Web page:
Just like many Earth-bound travelers, the International Space Station crew observed Thanksgiving this week and prepared for a short trip planned for Monday.
Expedition 10 Commander and NASA Science Officer Leroy Chiao and Flight Engineer Salizhan Sharipov will vacate the Station briefly on Monday. After configuring Station systems for autonomous operation, they will fly their Soyuz spacecraft from one parking spot to another on the complex. To prepare for the Soyuz repositioning, Sharipov test-fired the Soyuz steering jets Wednesday. Today, the crew reviewed their plans for the brief undocking and redocking activities with ground controllers and closed the hatch between the ISS Progress 15 resupply craft and the Zvezda Service Module. Other hatches will be closed Sunday and early Monday prior to the Soyuz maneuver.
At 3:29 a.m. Central time Monday, Sharipov, the Soyuz commander, and Chiao will undock the spacecraft from a port on the Station's Pirs Docking Compartment. They will back away to a distance of about 30 meters (98 feet) and then move laterally about 14 meters (45 feet) along the Station to briefly hold position facing the nadir docking port on the complex's Zarya module. The crew will then rotate the craft to align with the new docking port, and will guide the Soyuz in for its redocking at Zarya at about 4 a.m. Central time. The move will clear Pirs for use as an airlock from which Chiao and Sharipov will conduct two Russian spacewalks early next year.
Monday's activities will be broadcast live on NASA Television beginning at 3 a.m. CST.
A thruster test conducted on Wednesday showed all systems ready for the move, although Russian flight controllers did see the same indication of a possible reduction in pressure or fuel flow from one Soyuz thruster as had been noted during the spacecraft's arrival at the complex in October. Since the abnormal indication poses no problem for the safe operation of the Soyuz on Monday or in the future, Station managers gave final approval Wednesday for the 30-minute maneuver. A further test of the same thruster originally planned during the repositioning Monday to gather more data for Russian specialists monitoring the system was canceled today by Russian managers since it involves a thruster that will not be used during Monday's procedure.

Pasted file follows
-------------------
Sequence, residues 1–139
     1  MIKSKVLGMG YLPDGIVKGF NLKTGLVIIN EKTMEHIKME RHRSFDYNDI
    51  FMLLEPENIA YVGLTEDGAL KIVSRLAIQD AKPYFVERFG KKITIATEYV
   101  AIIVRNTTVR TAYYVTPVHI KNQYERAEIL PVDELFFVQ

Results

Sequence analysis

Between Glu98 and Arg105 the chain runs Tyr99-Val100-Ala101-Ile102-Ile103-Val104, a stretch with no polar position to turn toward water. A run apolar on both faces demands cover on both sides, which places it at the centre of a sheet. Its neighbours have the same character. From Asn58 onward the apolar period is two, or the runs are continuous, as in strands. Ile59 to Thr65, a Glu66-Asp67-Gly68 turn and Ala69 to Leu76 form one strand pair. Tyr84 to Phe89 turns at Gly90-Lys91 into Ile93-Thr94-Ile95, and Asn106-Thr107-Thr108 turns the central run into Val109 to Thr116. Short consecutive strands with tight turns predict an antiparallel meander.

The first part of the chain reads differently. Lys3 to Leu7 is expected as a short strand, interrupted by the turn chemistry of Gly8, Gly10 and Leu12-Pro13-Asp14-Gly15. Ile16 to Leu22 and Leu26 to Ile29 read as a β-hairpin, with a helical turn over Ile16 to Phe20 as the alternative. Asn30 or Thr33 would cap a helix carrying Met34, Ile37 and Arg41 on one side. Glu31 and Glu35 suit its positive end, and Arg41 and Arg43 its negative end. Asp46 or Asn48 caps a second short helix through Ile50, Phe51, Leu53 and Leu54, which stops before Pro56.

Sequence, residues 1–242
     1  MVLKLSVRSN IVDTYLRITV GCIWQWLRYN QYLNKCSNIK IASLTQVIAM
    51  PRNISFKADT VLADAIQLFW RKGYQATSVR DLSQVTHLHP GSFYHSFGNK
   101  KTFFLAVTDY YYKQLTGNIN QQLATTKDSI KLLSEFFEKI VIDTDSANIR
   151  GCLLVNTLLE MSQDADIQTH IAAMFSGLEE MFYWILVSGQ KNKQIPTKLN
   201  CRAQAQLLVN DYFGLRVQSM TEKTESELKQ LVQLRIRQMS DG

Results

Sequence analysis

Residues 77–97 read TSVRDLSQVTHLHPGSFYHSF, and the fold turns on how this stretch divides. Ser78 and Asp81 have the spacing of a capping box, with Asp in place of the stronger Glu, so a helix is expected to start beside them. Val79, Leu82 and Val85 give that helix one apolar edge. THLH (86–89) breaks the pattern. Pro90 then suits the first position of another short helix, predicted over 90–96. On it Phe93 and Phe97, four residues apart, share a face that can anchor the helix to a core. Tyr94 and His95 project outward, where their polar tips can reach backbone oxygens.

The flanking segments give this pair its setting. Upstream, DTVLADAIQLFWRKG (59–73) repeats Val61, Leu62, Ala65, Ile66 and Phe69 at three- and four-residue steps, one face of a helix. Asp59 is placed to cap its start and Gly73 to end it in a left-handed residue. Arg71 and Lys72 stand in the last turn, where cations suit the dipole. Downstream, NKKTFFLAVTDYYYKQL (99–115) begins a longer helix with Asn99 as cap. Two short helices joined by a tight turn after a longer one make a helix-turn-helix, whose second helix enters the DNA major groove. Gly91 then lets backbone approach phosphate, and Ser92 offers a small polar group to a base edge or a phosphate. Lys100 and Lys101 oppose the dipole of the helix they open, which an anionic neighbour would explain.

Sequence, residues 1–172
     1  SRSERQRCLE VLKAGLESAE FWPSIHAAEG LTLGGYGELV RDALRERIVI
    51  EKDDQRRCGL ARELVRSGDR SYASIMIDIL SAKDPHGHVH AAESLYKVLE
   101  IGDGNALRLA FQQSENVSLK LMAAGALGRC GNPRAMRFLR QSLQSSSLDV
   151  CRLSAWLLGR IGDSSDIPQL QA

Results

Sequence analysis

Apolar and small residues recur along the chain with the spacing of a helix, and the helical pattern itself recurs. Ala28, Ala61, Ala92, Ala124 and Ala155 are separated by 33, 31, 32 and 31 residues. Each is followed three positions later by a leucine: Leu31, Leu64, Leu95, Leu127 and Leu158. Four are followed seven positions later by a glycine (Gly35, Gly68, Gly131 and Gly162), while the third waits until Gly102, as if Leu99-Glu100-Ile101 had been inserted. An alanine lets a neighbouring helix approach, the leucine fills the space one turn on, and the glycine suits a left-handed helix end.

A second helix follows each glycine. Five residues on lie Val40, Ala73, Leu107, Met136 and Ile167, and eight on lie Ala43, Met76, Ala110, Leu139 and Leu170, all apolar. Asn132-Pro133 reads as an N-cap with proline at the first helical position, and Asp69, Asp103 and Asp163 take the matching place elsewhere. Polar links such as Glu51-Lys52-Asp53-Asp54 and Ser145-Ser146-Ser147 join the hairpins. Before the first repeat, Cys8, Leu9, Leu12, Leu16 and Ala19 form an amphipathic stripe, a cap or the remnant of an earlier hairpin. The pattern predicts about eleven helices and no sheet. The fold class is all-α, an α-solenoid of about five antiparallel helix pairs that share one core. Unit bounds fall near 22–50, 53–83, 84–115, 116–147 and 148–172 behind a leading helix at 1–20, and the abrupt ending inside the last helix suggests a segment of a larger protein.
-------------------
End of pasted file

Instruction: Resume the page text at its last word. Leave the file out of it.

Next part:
Also this week, the crew began preparations for the undocking of the Progress cargo craft attached to the Station. The crew reinstalled a docking mechanism on the resupply vehicle, which will be undocked from the complex and deorbited a few days before Christmas.
Russian managers have elected not to conduct another reboost of the Station to make up for a slight shortfall in altitude resulting from last week's firing of the Progress engines. As a result, Russian space officials are expected to move the launch of the new ISS Progress 16 resupply craft one day -- to December 24 (December 23, U.S. time) -- with a docking to the Station on December 26 (Christmas Day, U.S. time) to meet the current altitude of the complex. A final decision on the adjustment to the Progress launch date is expected early next week.
The crew took the day off Thursday in observance of the Thanksgiving holiday, enjoying packaged smoked turkey and potatoes. They also have off-duty time planned for the weekend before getting an early start Sunday evening to prepare for the Soyuz move in the wee hours Monday.
Information on the crew's activities aboard the Space Station, future launch dates, as well as Station sighting opportunities from anywhere on the Earth, is available on the Internet at: http://spaceflight.nasa.gov/
The next Station status report will be issued following the Soyuz relocation on Monday, Nov. 29, or earlier, if events warrant.
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